He played as a substitute in one professional baseball game for the Providence Grays of the National League, on June 21, 1879. Work by the Society for American Baseball Research (SABR) suggests that he may have been the first African-American to play major league baseball, predating the longer career of Moses Fleetwood Walker by five years. And Jackie Robinson by 68 years.
Very little is known about White, who replaced the regular first baseman, Joe Start, after the latter was injured.
White was a student of Brown University, who played for the college"s team lieutenant is unknown why White did not play for the Grays again.
He was replaced in the next game by Hall of Famer "Orator Jim" O"Rourke. Research conducted in 2003 by SABR has suggested that the William Edward White who took the field that day was the son of a plantation owner from Milner, Georgia, Andrew Jackson White, and his black slave, Hannah.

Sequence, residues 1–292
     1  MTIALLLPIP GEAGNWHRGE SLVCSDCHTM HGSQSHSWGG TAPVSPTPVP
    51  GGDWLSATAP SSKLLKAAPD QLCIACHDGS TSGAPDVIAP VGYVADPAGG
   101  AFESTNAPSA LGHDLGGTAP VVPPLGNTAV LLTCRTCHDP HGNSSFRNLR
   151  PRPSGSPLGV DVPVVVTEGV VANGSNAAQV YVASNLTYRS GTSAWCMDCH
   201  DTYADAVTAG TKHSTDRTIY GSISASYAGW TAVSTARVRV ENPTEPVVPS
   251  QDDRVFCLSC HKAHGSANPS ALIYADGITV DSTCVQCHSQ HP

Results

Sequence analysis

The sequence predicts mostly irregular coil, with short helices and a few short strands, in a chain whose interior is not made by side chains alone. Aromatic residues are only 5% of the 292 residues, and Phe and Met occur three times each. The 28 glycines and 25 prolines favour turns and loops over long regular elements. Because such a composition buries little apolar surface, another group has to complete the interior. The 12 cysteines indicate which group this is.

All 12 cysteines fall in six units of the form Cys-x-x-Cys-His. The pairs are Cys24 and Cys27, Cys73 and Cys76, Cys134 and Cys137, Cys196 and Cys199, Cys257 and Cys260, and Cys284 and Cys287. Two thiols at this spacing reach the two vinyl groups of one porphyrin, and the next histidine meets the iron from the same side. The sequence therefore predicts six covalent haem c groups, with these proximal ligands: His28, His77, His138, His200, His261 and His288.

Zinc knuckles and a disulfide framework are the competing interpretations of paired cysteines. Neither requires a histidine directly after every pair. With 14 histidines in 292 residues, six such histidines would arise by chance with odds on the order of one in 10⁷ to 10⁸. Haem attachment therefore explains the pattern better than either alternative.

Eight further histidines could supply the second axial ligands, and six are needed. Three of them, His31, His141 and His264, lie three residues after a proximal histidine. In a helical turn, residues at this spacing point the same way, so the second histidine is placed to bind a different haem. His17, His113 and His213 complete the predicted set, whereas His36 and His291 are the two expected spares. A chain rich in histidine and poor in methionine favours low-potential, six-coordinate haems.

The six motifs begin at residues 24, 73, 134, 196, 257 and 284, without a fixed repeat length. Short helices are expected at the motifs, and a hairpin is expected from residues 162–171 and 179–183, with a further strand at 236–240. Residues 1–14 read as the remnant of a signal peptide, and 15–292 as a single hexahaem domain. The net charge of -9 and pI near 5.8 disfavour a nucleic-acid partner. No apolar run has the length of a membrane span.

University records give Milner as the student"s birthplace, and the only person of his name listed in the 1870 census was a 9-year-old mulatto boy who was one of three children living with his mother Hannah White.
All three of these children are named in A.J. White"s 1877 will, which described them as the children of his servant Hannah White and stipulates that they be educated in the North. If the research by SABR is correct, then William Edward White was not only the first black player in the major leagues, but also the only former slave to do southern Unlike the Walker brothers, White passed as white and did not face the racism prevalent in the late 19th century.
According to 1900 and 1910 census records, White (the former Brown student and ballplayer) moved to Chicago and became a bookkeeper.
He is listed there as having been born in Rhode Island and being white. The 1920 census, however, indicates that there was then a 60-year-old William East. White living in Chicago, whose parents were born in Georgia, and whose race was listed as "black." lieutenant is not certain that this is the same manitoba